After she left Riverbank in 1921, she moved to Washington and was soon recruited by the U.S. Treasury Department to fight illegal liquor smuggling that had grown because of Prohibition. Rumrunners used ships that could outrun the Coast Guard vessels to smuggle rum into the U.S. The Coast Guard was unable to stop them because the rumrunners got good at concealing their operations using coded radio messages. Thousands of these messages were piling up in the Coast Guard offices so they approached Elizebeth Friedman to get help reading them.
Between 1926-1930, she solved 20,000 smuggling messages per year in hundreds of different code systems. She did it all by hand with pencil and paper, before the era of computers. It was analog heroism.
Toward the end of the 1920s, she also began to testify in court against some of the biggest gangsters of the day. These criminal cases required her to explain to juries how she had solved these secret messages. She would go into court carrying her handbag, wearing a pink dress and hat with flower pins, and would explain to a jury exactly how she had intercepted these radio messages and decoded them.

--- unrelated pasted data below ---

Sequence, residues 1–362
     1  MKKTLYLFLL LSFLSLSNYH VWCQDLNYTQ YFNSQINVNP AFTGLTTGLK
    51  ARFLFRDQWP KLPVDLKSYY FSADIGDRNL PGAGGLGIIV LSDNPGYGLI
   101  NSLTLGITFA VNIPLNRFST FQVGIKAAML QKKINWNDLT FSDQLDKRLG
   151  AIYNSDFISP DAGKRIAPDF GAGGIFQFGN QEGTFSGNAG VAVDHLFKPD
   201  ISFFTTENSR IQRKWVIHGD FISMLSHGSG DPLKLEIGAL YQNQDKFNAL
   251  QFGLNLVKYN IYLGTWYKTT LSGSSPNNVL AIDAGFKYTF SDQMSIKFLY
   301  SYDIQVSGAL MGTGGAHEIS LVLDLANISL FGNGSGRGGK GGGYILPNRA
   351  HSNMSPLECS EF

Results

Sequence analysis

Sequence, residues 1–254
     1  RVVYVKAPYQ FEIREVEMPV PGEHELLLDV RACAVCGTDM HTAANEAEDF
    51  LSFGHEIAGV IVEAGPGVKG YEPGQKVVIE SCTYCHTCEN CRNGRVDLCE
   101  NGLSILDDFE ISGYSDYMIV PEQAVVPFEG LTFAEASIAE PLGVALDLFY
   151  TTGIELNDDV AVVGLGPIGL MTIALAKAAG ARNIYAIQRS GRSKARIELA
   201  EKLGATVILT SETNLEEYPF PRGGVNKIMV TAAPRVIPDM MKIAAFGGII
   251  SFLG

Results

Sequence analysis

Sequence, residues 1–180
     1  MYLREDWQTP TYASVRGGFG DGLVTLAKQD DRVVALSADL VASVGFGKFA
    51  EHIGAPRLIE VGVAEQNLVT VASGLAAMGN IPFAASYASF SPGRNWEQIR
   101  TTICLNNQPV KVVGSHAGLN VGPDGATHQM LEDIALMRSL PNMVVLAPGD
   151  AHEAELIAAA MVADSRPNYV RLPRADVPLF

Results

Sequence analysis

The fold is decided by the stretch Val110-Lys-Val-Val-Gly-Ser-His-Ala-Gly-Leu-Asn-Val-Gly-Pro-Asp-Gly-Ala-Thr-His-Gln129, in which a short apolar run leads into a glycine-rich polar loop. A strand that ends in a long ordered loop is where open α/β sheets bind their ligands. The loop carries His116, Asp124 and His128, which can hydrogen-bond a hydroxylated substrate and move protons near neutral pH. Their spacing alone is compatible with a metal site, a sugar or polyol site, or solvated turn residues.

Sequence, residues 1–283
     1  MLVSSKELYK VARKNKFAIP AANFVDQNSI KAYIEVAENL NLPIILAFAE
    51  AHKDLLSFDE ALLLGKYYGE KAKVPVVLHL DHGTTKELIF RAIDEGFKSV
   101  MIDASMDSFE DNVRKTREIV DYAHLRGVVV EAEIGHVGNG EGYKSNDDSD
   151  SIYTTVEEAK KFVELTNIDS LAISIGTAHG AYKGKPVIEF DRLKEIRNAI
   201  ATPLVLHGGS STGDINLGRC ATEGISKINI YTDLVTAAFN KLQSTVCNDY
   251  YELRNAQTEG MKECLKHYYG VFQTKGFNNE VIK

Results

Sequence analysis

Some of these guys were very dangerous. She testified in one case in New Orleans against three lieutenants of Al Capone.
As a result, she became one of the most famous codebreakers in the world. She was known as the Lady Manhunter, or the Key Woman of the Keyman, “keyman” being a nickname for a treasury agent, similar to G-Man in the FBI. She was on front pages from coast to coast and she hated all of it! [Laughs] She was a very modest person, and disdained what she later called the hero worship.
The publicity also created problems because codebreaking is normally a secret profession. You are revealing the secrets of people who are communicating secretly and the more you reveal about how you found those secrets, the easier you make it for people to conceal their future communications.